"Bitcoins are 'mined' through solving complex and intensive calculations"
That is something one reads in a lot of articles, but to be a bit more specific, mining is essentially a bunch of people competing to be the first to find a hash for a given block input that fulfills a certain number of leading zeros. As it is impossible to tell what properties an SHA-256 hash will have before it is calculated, the only way to find it, is to resort to brute-force.
This is only "complex" and "intensive" as in that it takes currently about 1.3*10^19 tries for someone to get it right. Once somebody has found it though, it is trivial for others to verify.
For a more in depth answer, please refer to What are Bitcoin miners really solving? or What exactly is Mining?.
What is the point of mining?
Mining is not useless, actually it is what makes Bitcoin possible: Mining provides a mechanism which synchronizes the network's state, validates transactions, prevents double spending, and counterfeiting. Mining enables one to trust the network, without trusting any single participant.
Since digital information is easily duplicated, previous online payment networks relied on a central entity to keep track of balances. This provides the operator with power over the users and presents a single point of failure.
The Bitcoin "referee" is a public distributed ledger of balances, the blockchain. Each block represents an incremental update of the network's balances, and is secured by the work that is piled on it through mining. As each block depends on its predecessor, for an attacker to change something in the block chain, he would have to invest at least as much computational work as has been provided by the complete network since the transaction has been posted. The network regulates the required effort so that these blocks appear at approximately regular intervals, preventing that the network is swamped with valid blocks that need to be verified and stored, also allowing time for the block to be distributed.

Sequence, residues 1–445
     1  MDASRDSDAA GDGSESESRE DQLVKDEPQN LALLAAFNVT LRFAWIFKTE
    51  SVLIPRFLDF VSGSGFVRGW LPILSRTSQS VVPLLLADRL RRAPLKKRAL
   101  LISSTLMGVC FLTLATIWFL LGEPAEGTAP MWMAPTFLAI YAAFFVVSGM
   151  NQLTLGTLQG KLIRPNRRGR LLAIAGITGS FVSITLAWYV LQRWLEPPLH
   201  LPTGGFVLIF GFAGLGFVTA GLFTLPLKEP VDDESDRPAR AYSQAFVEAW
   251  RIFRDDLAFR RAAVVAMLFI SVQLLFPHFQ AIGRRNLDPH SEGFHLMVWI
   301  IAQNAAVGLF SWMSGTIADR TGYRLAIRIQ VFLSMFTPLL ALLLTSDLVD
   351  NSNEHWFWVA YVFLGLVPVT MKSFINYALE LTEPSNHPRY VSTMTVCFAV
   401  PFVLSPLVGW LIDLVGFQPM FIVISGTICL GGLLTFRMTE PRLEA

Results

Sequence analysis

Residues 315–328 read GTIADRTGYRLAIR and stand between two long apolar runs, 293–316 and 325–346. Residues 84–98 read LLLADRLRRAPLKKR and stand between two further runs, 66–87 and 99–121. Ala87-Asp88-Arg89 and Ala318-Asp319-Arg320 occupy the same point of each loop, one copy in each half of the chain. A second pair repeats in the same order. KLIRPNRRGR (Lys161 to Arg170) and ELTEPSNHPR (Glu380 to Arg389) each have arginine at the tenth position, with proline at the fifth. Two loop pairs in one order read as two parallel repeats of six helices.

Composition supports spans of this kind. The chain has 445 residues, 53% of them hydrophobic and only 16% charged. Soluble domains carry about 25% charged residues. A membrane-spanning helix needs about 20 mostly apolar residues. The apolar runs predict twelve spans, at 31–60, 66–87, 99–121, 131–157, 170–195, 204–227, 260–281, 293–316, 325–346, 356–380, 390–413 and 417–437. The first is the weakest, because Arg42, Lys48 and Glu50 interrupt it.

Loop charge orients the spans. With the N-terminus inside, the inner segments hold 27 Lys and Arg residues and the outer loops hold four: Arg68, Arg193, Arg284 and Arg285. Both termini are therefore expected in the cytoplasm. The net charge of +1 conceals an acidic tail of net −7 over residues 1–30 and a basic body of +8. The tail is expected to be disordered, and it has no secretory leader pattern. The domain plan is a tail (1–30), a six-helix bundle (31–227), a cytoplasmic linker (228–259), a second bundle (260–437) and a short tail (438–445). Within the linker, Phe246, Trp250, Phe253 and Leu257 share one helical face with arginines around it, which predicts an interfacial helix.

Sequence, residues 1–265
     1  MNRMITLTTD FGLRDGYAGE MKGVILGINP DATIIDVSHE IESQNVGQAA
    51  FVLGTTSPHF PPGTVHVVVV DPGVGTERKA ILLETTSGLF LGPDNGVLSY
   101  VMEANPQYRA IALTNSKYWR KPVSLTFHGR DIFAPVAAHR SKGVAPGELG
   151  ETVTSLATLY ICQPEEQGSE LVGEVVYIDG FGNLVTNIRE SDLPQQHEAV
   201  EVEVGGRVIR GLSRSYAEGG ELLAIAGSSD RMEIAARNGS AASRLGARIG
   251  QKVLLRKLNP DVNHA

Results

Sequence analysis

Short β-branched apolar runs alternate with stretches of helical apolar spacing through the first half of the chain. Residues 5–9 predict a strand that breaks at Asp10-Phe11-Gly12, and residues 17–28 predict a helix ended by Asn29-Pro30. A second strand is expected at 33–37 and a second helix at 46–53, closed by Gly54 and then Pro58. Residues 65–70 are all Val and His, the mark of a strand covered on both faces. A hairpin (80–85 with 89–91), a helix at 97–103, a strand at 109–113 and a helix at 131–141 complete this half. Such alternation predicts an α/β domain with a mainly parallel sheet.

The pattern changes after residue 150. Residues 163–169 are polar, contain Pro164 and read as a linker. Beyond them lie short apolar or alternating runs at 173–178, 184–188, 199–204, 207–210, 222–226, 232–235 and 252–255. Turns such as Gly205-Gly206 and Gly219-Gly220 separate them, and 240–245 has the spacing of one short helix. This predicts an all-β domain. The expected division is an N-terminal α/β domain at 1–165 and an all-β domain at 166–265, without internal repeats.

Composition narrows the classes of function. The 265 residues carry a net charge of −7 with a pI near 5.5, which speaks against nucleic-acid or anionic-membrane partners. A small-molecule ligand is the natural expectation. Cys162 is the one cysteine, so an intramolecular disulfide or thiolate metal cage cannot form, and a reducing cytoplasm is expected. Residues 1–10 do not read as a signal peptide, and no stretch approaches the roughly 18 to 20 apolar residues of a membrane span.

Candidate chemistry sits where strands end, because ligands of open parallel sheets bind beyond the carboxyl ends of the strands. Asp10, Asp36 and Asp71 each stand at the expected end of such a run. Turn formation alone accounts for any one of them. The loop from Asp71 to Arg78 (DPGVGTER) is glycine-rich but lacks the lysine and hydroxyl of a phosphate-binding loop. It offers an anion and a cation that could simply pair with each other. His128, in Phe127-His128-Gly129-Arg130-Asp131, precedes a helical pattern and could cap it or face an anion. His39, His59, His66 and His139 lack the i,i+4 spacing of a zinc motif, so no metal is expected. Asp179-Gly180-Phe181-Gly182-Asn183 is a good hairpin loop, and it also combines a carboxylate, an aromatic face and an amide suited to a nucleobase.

While mining also serves as the distribution mechanism of new bitcoins, it is actually the other way around: The Bitcoin algorithm attracts miners by paying for the provided work; it pays to sustain itself, hereby elegantly circumventing the chicken-egg-problem.
More information can be found for example at How does the mining process support the currency? or What is the rationale behind Bictoin mining?
Is there a way to set up a proof-of-work system so it would be even more useful?
The problem is that such a secondary purpose would have to be a set of problems
- that has easily verifiable solutions
- with previously known, adjustable difficulty
- where solution of N+1 depends on solution N
- still allow to secure the transactions
AFAIK, there is only one cryptocurrency that uses a proof-of-work system with a secondary purpose: Primecoin finds previously unknown chains of prime numbers. Arguably, this is more useful than a chain of hashes with leading zeros, I just don't know for what except world records.